He wondered if the Pareto Principle -- a business theory that 80 percent of the work is accomplished by 20 percent of the work force -- exists in Catholic parishes. ... What he found left him speechless.
Matthew Kelly is an interesting person. Born in Australia, he is a partner in a Chicago-based consulting firm working with top tier businesses and Fortune 500 companies. He is also a life-long Catholic and a speaker at Catholic events. Some years ago he heard a seasoned pastor comment that, "it doesn't matter where you go, you will discover the same 50 people do everything in a parish." Matthew Kelly decided to find out if this is an accurate assessment of parish life. There was no research to corroborate or disprove the pastor's statement so he conducted his own study, at first through informal conversations with pastors he knows, then, branching out to collect hard date from parishes coast to coast. He wondered if the Pareto Principle -- a business theory that 80 percent of the work is accomplished by 20 percent of the work force -- exists in Catholic parishes. He looked at two areas of parish life: volunteerism and financial support. What he found left him speechless. Most Catholic parishes are nowhere near the 80/20 level. Here are his findings:
-- 6.4 percent of registered parishioners contribute 80 percent of the volunteer hours in a parish
-- 6.8 percent of registered parishioners donate 80 percent of financial contributions
-- There is an 84 percent overlap between the two groups
-- Roughly 7 percent of Catholic parishioners are doing almost everything in their faith community and paying almost entirely for the maintenance and mission of the parish.
From this research, Mr. Kelly asked: "What is the difference between engaged Catholics and disengaged Catholics?" That only 7 percent of Catholics are engaged enough to give their time, talent, and treasure to their parishes is "shocking news." The good news, however, is the incredible amount of good work that is accomplished by so few. If 7 percent can do so much -- he calls the people in this group 'Dynamic Catholics' -- "imagine what 14 percent could do. Not to mention what 21 percent or 35 percent could accomplish. Our potential is incredible."
He refers to the Catholic Church as a "sleeping giant." A shift from 7 percent engaged parishioners to 8 percent in one year is, he says, "a game changer." The result would be an increase in volunteer hours making it possible to serve the parish and wider community in more ways, and an increase in the offertory collection that would enable the parish to invest in ministries. A 1 percent increase would go a long way to making a parish a more vibrant community of faith. Not content with moving just 1 percent in one year, Mr. Kelly wondered what could happen if, over the next seven years another 1 percent a year moved into the engaged category. "One percent each year. ... imagine the incredible outreach, service, and spiritual development your parish could deliver.... This is the 1 percent that could change the world. If we can focus on engaging 1 percent more of our parishioners in a really intentional way each year, we can literally change the world." A grand prediction.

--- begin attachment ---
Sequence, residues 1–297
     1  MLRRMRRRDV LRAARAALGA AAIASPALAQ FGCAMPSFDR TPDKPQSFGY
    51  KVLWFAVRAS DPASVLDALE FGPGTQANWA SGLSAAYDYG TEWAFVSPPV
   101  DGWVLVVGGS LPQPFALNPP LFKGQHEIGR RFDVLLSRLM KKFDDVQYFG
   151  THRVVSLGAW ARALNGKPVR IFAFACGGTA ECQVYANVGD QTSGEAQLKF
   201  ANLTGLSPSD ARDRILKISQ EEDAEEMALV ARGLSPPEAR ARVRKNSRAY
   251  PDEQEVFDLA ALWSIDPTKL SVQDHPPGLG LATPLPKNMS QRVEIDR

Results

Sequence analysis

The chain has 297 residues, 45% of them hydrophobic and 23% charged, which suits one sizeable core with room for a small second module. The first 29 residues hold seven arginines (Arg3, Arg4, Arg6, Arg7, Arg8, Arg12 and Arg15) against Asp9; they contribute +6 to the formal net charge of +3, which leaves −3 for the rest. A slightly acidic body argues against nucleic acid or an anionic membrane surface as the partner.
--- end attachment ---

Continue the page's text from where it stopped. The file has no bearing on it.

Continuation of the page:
Once again, he started looking for answers. What kind of people make up the 7 percent? Mr. Kelly quickly discovered that they are not all the same, and they are not perfect, but he was confident that there must be some commonalities among them. He continued his research, saying with a mix of hope and anxiety, "The future of the Catholic Church depends upon us finding out what makes this small group of Catholics so engaged. If we cannot identify what drives their engagement, we cannot replicate it."
His research turned up more than 250 traits that the 7 percent had in common, and he sorted these under four broad categories: Prayer -- the 7 percent are committed to daily prayer; Study -- they are committed to ongoing formation and learning; Generosity -- they are generous in all ways, time, talent, and treasure; and Evangelization -- they are not afraid to share with others the importance of God in their lives.
The result of this research is Matthew Kelly's book: "The Four Signs of a Dynamic Catholic." Many parishes in the archdiocese and across the country have given this book to parishioners to help them see where these traits are present in their lives. Reading a book does not make a dynamic Catholic, but attending to these four traits can. Matthew Kelly claims dynamic Catholics can change the world, one percent at a time. The time to start is now.
SUSAN ABBOTT IS COORDINATOR OF PARISH OUTREACH FOR THE ARCHDIOCESE OF BOSTON'S OFFICE OF PASTORAL PLANNING.
Susan Abbott is the former Coordinator of Parish Outreach for the Archdiocese of Boston's Office of Pastoral Planning.